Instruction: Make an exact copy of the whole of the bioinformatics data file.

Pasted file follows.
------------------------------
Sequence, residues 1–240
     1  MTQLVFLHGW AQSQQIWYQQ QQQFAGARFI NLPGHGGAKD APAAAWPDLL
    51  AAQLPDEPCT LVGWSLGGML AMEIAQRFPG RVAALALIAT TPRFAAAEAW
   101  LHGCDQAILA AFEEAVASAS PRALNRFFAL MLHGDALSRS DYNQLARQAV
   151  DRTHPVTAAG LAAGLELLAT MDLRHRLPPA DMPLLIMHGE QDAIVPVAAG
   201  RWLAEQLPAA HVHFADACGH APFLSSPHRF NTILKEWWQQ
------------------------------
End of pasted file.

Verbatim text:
Sequence, residues 1–240
     1  MTQLVFLHGW AQSQQIWYQQ QQQFAGARFI NLPGHGGAKD APAAAWPDLL
    51  AAQLPDEPCT LVGWSLGGML AMEIAQRFPG RVAALALIAT TPRFAAAEAW
   101  LHGCDQAILA AFEEAVASAS PRALNRFFAL MLHGDALSRS DYNQLARQAV
   151  DRTHPVTAAG LAAGLELLAT MDLRHRLPPA DMPLLIMHGE QDAIVPVAAG
   201  RWLAEQLPAA HVHFADACGH APFLSSPHRF NTILKEWWQQ